Laura Anne Kalba will be coming to speak at the Françoise and Georges Selz Lectures on 18th- and 19th-Century French Decorative Arts and Culture on Tuesday, December 3, 2013. Her talk is entitled “Polychromatic Pleasures: Decorating with Color in Nineteenth-Century France.”

Laura Anne Kalba is Assistant Professor of Art at Smith College. She earned her B.A. in History and Liberal Arts from Concordia University, her M.A. in History from McGill University, and her Ph.D. in History from the University of Southern California. Her research focuses primarily on nineteenth- and early twentieth-century European art, architecture, and popular commercial visual culture. Her publications on these topics include “How Media Were Made: Chromolithography in Belle Époque France,” History and Technology, vol. 24, Issue 4 (December 2011); “Blue Roses and Yellow Violets: Flowers and the Cultivation of Color in Nineteenth-Century France,” Representations, vol. 120, Issue 1 (September 2012); and “Fireworks and Other Profane Illuminations: Color and the Experience of Wonder in Modern Visual Culture,” Modernism/Modernity, vol. 19, Issue 4 (November 2012). In 2012, she worked as a curatorial consultant for the Smith College Museum of Art’s exhibition Debussy’s Paris: Art, Music, and Sounds of the City ( Her book project, Color in the Age of Impressionism: Technology, Commerce, and Art, examines the impact of new color technologies on French visual and material culture, from the early commercialization of synthetic dyes (1857) to the Lumière brothers’ perfection of the autochrome photography process (1907).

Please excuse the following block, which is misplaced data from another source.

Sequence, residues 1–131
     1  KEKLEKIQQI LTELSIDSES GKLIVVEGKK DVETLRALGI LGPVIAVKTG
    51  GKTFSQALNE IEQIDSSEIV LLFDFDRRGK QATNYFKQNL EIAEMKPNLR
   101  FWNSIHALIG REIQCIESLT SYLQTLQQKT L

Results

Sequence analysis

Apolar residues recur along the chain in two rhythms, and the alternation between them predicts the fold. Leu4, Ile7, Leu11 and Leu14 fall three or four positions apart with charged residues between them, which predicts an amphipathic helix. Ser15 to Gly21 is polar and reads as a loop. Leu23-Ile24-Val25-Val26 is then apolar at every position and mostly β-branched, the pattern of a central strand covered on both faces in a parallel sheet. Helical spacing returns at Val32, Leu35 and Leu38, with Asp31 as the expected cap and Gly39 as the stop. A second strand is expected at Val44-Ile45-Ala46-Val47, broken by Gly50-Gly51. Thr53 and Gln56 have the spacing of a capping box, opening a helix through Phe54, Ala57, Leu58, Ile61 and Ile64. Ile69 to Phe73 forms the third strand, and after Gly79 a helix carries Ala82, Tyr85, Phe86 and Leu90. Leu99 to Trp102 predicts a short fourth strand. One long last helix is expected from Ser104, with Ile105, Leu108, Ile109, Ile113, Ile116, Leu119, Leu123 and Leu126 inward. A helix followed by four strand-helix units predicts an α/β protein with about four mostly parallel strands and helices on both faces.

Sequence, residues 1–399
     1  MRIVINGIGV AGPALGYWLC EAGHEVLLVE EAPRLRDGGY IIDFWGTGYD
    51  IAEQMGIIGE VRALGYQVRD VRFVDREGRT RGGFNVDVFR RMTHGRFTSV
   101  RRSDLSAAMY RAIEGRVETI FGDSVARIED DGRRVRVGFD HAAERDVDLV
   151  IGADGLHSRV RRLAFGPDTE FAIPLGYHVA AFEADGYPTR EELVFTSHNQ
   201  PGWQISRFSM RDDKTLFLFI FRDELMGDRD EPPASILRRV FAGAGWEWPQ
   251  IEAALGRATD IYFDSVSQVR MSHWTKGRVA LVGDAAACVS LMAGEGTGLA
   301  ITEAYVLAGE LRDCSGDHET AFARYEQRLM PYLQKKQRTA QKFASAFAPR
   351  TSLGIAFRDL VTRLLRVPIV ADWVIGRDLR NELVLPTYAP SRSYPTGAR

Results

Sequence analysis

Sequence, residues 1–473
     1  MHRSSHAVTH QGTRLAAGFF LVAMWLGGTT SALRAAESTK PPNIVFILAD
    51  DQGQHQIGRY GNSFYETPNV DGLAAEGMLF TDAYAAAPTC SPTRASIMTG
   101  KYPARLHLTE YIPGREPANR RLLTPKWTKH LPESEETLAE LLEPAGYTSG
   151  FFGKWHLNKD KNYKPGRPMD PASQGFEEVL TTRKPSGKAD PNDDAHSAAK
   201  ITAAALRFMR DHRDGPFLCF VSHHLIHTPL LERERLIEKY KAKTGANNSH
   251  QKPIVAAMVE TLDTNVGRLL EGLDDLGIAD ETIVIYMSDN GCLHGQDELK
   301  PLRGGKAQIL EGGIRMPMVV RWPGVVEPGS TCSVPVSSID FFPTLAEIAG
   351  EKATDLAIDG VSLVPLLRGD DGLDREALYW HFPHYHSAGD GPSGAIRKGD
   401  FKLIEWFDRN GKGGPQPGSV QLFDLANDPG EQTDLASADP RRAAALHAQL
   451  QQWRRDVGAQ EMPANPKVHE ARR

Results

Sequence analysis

Generally associated with the Art Nouveau’s sinuous lines, late nineteenth-century France was also a period painted, dyed, printed, and enamelled with color. Focusing on the decorative arts reformers’ extensive writings on color and the material and visual culture of the period, Kalba’s talk at the BGC will highlight how, at the turn of the twentieth century, tastemakers sought to harness the color revolution of the previous decades—associated with aniline dyes, cheap chromos, gaudy wallpapers, and the uncouth tastes of the rising bourgeoisie—turning it to something at once more pleasurable, more permanent, and more markedly French.

Light refreshments will be served at 5:45 pm. The presentation will begin at 6:00 pm.

RSVP is required.

PLEASE NOTE that our Lecture Hall can only accommodate a limited number of people, so please come early if you would like to have a seat in the main room. Registrants who arrive late may be seated in an overflow viewing area.